and reproduction in mites

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      Abstract: Abstract In predator–prey interactions, non-consumptive effects of predators have been less studied than consumptive effects. However, non-consumptive effects may have significant influences on prey and can change different aspects of their life history such as development, reproduction and lifespan. The odour and other cues associated with a predator, without direct contact, could induce stress in prey, leading to phenotypic changes in life history traits. In this study, we investigate how mild and strong predator-induced stress could affect prey life history. The prey (Tyrophagus putrescentiae) was exposed, from hatching to death, to three different levels of predation stress from its predator (Neoseiulus cucumeris) (1, 3 or 5 predator adults in an adjacent cage separated by a mesh screen). Compared with the control, both males and females under predator-induced stress had longer developmental time and shorter lifespan when the level of predation stress increased, showing significant level-dependence. In addition, females had reduced fecundity under predation stress. Sex-specific response to predation stress was observed under a low level of predation stress: females had greater reduction in lifespan than males. Furthermore, the reduction in female lifespan was due more from the decrease in the post-oviposition period than the decrease in the oviposition period. Future studies applying even milder levels of predation press, such as exposure of prey to predator cues only during part of the prey lifespan, may provide additional insights.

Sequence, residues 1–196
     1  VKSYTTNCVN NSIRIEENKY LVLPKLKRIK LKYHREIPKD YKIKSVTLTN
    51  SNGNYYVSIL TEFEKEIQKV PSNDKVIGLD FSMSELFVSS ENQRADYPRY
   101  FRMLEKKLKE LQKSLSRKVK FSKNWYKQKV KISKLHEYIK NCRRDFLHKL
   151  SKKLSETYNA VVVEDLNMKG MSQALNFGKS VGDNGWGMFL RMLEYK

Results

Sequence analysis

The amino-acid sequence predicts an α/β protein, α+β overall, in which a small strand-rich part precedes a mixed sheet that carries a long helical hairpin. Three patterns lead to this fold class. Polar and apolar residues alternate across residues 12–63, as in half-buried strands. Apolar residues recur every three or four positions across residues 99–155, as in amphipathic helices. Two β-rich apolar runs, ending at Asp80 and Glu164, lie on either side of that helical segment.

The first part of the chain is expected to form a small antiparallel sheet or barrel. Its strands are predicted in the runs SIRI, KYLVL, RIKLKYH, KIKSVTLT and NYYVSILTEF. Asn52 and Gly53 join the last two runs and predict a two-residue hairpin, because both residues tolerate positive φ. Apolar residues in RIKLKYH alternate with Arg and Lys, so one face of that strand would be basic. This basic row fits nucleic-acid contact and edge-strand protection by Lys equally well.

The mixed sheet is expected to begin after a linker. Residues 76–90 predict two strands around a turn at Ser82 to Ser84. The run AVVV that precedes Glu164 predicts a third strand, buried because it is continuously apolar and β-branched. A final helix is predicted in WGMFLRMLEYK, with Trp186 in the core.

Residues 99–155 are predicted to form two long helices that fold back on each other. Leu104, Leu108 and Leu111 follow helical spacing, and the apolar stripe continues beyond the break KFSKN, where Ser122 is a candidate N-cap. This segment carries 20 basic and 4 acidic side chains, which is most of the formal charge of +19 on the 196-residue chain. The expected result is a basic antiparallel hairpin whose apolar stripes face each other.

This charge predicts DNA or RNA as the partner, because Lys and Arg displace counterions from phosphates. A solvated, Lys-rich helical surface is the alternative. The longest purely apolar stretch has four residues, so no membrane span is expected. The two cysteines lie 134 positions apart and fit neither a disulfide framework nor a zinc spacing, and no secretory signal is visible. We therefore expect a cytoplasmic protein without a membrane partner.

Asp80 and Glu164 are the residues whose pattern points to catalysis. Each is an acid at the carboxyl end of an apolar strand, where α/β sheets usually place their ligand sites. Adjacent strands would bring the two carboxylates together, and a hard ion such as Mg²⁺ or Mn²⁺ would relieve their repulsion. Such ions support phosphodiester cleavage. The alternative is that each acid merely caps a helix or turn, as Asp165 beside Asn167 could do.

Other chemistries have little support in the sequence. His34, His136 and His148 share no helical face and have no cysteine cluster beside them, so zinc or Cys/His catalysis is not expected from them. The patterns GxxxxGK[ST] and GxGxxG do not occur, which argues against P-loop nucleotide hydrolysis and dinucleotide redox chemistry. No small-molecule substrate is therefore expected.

PubDate: 2022-07-25
       
  • Role of H4K16 acetylation in 53BP1 recruitment to double-strand break
           sites in in vitro aged cells